Despite this restriction, Simon was determined to go to South Africa, and told The New York Times: “I knew I would be criticized if I went, even though I wasn’t going to record for the government … or to perform for segregated audiences. I was following my musical instincts in wanting to work with people whose music I greatly admired.” Prior to leaving for Johannesburg, Simon participated in the recording of “We Are the World”, the charity single benefiting African famine relief. He spoke to producers Quincy Jones and Harry Belafonte about his wanting to record in South Africa, and though they had some reservations, both encouraged him to do it. The South African black musicians’ union also voted to let Simon come, feeling it would benefit their culture’s music by bringing it international attention.
At the time, musicians in Johannesburg were typically paid $15 an hour, and Simon arranged to pay them $200 an hour, triple the going rate for top players in New York City. He also offered writer’s royalties to those he felt had contributed to compositions. Nevertheless, he still received harsh criticism from organizations such as Artists United Against Apartheid, and anti-apartheid musicians like Billy Bragg, Paul Weller, and Jerry Dammers. At an album launch party, Simon bluntly clarified his position on the controversy: “I’m with the artists. I didn’t ask the permission of the ANC. I didn’t ask permission of Buthelezi, or Desmond Tutu, or the Pretoria government. And to tell you the truth, I have a feeling that when there are radical transfers of power on either the left or the right, the artists always get screwed.”
Simon and his engineer Roy Halee traveled to Johannesburg in February 1985, and spent two weeks recording with Lulu Masilela, Tao Ea Matsekha, General M. D. Shirinda and the Gaza Sisters, and the Boyoyo Boys Band. The album’s opening track “The Boy in the Bubble”, recorded with Lesotho band Tao Ea Matsekha, was one of the songs recorded at those sessions. The song has a powerful, bass-driven rhythmic groove, highlighted by an accordion that provides a lively, almost carnival-like vibe, setting a nice tone for the album.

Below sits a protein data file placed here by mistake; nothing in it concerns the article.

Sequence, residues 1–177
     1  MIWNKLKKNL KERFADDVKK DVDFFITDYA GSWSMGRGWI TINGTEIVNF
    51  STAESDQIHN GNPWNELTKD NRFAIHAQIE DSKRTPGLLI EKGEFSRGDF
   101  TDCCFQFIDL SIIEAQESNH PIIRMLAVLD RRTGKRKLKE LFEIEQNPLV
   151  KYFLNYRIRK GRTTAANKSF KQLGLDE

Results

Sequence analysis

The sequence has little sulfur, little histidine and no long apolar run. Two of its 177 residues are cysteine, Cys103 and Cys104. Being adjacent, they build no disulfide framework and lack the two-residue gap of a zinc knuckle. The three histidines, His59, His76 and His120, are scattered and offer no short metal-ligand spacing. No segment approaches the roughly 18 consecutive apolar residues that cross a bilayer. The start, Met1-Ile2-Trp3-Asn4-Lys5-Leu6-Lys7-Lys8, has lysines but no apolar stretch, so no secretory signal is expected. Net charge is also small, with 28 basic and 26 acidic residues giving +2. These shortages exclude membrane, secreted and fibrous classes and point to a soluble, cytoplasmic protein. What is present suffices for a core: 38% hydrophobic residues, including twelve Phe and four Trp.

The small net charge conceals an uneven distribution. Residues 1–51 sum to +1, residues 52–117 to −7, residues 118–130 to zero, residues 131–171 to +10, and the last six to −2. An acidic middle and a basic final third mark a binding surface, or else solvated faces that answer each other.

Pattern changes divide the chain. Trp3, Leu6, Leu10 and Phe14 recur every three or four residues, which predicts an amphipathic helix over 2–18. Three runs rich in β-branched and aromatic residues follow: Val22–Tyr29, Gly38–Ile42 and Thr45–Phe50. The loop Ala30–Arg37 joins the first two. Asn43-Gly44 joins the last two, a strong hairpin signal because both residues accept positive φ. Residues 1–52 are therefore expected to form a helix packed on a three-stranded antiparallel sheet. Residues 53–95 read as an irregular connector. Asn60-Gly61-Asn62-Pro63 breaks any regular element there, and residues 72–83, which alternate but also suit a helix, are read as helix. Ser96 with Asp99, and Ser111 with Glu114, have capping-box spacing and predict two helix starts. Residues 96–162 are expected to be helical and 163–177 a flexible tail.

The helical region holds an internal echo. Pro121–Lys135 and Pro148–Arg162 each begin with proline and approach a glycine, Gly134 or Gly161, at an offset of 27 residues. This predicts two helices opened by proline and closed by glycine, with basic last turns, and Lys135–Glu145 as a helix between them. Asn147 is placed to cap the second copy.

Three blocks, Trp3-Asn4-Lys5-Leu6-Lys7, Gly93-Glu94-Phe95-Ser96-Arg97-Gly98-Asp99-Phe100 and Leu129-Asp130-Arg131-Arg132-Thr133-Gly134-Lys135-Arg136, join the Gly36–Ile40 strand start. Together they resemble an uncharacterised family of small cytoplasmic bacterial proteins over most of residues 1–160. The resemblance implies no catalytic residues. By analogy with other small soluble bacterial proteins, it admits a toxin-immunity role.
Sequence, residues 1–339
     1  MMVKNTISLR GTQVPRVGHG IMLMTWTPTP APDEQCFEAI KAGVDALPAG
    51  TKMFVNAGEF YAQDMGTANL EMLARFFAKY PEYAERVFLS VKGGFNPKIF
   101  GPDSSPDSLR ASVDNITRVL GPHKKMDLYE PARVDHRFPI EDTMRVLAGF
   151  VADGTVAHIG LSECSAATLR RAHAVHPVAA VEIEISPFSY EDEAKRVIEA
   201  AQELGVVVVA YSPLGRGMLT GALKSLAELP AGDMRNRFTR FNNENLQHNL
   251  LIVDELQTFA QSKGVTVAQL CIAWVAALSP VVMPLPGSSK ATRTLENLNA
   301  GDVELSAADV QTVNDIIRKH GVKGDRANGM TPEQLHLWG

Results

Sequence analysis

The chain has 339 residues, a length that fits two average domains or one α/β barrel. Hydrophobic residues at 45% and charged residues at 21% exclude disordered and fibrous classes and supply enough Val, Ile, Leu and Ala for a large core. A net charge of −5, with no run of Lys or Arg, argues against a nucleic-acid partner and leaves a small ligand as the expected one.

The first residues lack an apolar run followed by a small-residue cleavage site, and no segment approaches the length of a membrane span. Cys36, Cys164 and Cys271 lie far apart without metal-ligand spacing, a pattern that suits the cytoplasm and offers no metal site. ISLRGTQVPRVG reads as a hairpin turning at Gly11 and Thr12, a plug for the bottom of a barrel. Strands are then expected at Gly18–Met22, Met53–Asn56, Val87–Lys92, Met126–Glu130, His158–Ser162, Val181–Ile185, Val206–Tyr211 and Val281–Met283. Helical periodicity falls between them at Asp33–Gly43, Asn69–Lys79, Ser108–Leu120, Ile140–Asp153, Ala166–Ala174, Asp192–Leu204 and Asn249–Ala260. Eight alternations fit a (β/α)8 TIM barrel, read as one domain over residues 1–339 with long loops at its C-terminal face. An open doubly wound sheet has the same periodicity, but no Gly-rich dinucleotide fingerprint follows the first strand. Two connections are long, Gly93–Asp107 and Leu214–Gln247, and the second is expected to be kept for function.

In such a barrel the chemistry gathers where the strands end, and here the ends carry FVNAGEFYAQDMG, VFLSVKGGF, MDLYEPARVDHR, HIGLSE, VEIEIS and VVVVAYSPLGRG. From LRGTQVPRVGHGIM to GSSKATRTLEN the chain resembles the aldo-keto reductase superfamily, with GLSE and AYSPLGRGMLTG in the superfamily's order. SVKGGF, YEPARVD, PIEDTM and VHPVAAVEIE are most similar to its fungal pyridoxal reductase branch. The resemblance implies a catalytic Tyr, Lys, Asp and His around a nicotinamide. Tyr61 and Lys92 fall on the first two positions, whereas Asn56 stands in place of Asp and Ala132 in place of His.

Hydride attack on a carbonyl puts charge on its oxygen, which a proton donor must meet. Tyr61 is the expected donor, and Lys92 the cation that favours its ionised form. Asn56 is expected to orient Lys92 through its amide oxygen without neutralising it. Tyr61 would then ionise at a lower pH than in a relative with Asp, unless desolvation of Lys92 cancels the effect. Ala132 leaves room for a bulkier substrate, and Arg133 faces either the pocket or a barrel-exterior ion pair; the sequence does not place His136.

Overall, Graceland is characterized by an eclectic mixture of music styles and genres, including pop, rock, a cappella, zydeco, isicathamiya, and mbaqanga, and reflecting the various locations where the album was recorded. Consequently, some songs are clearly African, while others sound like songs that you’d hear in New Orleans or Nashville. The album has a wonderful flow, alternating between playful and more serious songs. Simon thought of it as like a play: In that New York Times interview, he explained “As in a play, the mood should keep changing. A serious song may lead into an abstract song, which may be followed by a humorous song.”
Every track on the album is great, but one of the standouts is the title track “Graceland”, a gorgeous, contemplative tune. The song features flawless performances by fretless bass player Bakithi Kumalo and guitarist Ray Phiri, as well as Simon’s childhood heroes The Everly Brothers on backing vocals. In his album liner notes, Simon remarked that the song had the feel of American country music, adding: “After the recording session, Ray told me that he’d used a relative minor chord—something not often heard in South African music—because he said he thought it was more like the chord changes he’d heard in my music.” The song is thought to be about seeking solace from the end of his relationship with Carrie Fisher by taking a road trip. “Graceland” was awarded a Grammy in 1988 for Record of the Year, a year after the album itself won for 1987 Album of the Year.